How can illegal rickshaws rule Dhaka streets on the nose of city fathers?


Dhaka’s choked streets are a daily ordeal for commuters. While many factors contribute to the gridlock, the rising tide of illegal rickshaws is a major source of frustration.

These unregulated vehicles, both pedal and battery-powered, weave in and out of traffic, creating bottlenecks and disrupting the flow.

The frustration is compounded by the sense that these illegal operations are tolerated, if not outright enabled.

Despite the High Court’s ban on battery-powered rickshaws, they seem to be multiplying. This begs the question: why are these illegal vehicles allowed to operate with impunity? Could there be corruption or lax enforcement at play?

Dhaka deserves better. We need our streets to be safe and efficient for everyone. Eradicating illegal rickshaws and enforcing traffic laws effectively are crucial steps towards achieving that goal.

The sheer number of rickshaws in Dhaka’s streets, both registered and unregistered, highlights the lack of a comprehensive regulatory framework.


Dhaka North and South City Corporations, tasked with registering rickshaws, have vastly different figures compared to independent studies, casting doubt on the accuracy of registration data.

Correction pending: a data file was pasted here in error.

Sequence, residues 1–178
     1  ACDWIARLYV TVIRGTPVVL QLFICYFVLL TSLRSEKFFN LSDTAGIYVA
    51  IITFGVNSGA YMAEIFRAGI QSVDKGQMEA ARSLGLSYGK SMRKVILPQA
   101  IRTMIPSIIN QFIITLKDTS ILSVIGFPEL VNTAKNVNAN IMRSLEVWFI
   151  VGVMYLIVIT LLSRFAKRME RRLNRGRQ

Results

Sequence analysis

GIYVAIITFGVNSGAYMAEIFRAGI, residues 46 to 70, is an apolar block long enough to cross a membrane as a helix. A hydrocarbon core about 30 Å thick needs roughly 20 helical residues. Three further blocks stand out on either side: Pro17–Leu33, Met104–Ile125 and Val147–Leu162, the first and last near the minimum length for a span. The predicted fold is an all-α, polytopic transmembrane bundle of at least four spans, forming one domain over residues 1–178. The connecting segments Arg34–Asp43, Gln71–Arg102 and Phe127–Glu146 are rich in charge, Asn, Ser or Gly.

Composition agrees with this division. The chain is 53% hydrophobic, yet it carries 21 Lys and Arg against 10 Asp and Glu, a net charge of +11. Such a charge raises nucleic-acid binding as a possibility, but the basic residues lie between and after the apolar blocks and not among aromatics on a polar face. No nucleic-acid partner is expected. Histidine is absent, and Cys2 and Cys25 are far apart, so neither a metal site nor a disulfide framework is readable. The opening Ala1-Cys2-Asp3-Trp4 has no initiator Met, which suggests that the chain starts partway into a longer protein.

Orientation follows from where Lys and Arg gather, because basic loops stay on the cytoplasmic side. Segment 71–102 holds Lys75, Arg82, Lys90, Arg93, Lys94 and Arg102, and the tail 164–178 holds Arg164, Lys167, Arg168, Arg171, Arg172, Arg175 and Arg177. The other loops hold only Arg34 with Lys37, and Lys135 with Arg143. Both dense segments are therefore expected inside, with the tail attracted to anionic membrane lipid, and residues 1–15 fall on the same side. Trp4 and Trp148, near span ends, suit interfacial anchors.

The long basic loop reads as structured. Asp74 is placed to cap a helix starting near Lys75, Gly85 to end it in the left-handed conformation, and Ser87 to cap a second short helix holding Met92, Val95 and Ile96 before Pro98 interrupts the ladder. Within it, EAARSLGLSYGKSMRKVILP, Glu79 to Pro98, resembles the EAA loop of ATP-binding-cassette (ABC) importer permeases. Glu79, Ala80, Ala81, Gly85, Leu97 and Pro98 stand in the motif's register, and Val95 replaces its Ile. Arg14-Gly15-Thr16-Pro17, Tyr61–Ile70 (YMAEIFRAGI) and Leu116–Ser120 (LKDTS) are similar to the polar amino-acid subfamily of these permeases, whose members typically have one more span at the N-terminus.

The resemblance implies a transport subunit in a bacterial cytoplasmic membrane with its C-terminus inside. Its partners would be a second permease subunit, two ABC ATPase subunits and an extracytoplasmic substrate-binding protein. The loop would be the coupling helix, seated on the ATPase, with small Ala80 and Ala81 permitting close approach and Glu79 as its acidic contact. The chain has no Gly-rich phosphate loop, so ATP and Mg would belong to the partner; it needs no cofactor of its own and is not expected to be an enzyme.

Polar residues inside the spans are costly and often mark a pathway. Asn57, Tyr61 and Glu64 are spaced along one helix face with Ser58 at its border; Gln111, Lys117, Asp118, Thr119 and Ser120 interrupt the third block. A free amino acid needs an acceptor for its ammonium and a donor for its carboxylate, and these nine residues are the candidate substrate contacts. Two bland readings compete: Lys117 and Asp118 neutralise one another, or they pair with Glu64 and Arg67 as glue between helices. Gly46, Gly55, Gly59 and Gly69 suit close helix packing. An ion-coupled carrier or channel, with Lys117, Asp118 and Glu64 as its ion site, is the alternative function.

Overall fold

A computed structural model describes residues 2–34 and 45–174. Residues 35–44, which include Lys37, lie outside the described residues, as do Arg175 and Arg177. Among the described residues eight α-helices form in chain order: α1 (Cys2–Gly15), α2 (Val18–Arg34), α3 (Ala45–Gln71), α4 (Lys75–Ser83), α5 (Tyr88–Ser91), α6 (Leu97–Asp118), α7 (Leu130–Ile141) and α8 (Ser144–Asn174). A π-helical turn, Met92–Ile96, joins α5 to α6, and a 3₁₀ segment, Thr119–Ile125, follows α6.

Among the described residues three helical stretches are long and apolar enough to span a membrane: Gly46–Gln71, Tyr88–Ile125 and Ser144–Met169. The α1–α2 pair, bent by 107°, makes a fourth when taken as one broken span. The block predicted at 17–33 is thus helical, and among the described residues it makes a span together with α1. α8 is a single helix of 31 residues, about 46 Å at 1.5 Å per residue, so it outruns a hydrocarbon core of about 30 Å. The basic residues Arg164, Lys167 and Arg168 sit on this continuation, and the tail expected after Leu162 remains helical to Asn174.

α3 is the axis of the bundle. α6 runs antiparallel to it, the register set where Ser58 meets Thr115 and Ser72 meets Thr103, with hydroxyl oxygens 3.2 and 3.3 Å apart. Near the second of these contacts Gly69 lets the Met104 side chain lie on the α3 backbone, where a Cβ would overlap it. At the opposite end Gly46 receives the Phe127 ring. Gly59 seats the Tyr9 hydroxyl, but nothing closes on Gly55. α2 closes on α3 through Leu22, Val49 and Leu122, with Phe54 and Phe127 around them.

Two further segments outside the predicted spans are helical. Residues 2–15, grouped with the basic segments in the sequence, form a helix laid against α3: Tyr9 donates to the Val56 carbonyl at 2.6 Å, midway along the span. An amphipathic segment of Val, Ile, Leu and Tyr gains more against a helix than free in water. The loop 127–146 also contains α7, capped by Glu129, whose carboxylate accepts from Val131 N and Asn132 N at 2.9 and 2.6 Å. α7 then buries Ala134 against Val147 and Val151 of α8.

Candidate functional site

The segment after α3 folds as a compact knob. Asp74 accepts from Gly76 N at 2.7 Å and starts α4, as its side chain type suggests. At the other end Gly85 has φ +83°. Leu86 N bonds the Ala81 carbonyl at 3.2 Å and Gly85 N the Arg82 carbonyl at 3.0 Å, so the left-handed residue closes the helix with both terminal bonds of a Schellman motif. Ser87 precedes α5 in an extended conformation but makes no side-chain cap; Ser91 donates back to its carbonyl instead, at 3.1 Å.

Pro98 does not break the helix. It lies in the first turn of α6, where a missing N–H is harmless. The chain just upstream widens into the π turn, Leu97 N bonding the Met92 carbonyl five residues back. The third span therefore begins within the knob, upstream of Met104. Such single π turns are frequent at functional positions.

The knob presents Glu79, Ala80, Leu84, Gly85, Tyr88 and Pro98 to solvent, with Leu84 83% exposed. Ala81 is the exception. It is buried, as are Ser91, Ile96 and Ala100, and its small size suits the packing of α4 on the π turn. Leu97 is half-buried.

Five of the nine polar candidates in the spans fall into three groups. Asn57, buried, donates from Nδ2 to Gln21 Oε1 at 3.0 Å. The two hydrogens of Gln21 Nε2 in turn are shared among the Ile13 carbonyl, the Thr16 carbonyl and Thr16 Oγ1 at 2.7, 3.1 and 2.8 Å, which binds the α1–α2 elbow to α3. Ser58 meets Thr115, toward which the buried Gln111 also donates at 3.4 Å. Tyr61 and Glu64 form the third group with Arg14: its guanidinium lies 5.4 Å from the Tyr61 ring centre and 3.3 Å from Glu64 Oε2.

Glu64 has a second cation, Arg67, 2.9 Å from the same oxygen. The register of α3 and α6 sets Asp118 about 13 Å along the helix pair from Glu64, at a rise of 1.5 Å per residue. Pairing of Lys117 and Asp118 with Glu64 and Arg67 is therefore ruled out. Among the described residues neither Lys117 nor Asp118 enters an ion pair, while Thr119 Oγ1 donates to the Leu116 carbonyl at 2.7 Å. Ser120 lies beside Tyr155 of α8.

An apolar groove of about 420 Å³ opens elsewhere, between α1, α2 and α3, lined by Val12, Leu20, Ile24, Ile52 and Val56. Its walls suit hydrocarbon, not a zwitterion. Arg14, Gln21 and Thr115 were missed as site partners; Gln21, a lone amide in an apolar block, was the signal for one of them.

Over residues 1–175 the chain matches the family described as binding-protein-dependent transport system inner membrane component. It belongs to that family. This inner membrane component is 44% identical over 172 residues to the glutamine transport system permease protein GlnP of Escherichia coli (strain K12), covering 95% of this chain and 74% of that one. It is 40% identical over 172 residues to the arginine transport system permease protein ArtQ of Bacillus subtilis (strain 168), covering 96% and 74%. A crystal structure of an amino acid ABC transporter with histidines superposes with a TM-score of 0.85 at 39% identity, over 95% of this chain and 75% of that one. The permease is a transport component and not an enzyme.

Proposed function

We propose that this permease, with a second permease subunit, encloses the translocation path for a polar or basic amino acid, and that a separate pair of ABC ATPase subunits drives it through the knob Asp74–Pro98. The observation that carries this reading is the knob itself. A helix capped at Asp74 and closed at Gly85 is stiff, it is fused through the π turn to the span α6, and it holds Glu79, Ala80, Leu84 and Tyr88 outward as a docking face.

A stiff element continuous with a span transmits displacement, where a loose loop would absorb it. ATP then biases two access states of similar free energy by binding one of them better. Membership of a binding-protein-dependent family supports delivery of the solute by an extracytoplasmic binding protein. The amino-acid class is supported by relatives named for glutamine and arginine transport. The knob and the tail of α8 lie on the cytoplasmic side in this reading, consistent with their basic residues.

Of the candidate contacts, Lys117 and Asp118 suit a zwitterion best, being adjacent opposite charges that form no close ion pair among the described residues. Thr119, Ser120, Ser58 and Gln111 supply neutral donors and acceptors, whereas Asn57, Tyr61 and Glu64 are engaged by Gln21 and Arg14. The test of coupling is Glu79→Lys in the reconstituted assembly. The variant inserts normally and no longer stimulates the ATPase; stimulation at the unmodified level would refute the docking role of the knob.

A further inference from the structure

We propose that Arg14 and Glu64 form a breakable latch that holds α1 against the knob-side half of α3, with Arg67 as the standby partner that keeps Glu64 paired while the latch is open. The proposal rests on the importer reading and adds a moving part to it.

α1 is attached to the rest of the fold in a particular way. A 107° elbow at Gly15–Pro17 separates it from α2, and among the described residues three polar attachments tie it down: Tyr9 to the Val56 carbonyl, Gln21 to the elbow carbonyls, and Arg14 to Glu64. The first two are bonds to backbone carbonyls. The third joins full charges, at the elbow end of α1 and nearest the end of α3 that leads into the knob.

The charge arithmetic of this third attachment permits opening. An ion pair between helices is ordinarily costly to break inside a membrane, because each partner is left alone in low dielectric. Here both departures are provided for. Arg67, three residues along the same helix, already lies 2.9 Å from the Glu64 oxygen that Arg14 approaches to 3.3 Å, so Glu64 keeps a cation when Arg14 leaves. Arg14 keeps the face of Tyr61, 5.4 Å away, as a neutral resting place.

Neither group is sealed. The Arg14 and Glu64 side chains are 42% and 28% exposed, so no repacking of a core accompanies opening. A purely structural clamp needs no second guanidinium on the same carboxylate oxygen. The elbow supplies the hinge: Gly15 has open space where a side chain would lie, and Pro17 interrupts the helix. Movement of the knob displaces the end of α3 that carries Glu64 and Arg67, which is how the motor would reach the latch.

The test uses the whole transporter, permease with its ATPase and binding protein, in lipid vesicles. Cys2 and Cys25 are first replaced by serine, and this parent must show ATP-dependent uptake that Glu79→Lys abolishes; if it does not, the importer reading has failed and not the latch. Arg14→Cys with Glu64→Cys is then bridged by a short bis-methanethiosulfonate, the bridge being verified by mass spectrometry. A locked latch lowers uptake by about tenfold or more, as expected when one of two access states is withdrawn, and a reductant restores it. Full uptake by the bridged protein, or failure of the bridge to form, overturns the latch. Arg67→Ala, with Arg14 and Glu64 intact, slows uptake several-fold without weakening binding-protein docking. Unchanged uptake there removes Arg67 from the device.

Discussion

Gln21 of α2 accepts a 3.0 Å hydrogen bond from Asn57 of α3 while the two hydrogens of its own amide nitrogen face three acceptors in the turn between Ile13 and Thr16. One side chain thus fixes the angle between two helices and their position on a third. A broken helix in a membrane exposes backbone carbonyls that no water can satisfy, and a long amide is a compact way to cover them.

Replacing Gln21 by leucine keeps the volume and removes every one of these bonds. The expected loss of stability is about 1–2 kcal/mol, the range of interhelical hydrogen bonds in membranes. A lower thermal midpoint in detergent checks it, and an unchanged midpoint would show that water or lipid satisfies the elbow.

This lack of transparency strengthens the perception that powerful individuals are profiting from the unregulated rickshaw business.

The Bangladesh Institute of Labour Studies’ report alleging control by a section of ruling party leaders and organizations over these rickshaws is troubling.

Dhaka’s nightmarish traffic congestion demands a multi-pronged approach. We need a transparent registration system with accurate data on the number of rickshaws.

Effective enforcement of the High Court ban on battery-powered rickshaws is essential.

Holding those who turn a blind eye to these regulations accountable will be a crucial step in taming Dhaka’s traffic woes. Question arises how can illegal rickshaws rule Dhaka streets on the nose of city fathers?